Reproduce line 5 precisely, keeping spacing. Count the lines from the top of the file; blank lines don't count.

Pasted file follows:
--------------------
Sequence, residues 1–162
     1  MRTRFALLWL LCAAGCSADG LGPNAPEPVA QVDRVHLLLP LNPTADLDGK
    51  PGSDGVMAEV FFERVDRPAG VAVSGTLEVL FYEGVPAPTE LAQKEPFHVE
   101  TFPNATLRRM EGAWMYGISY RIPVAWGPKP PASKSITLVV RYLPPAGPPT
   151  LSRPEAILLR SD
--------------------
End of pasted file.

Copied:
   151  LSRPEAILLR SD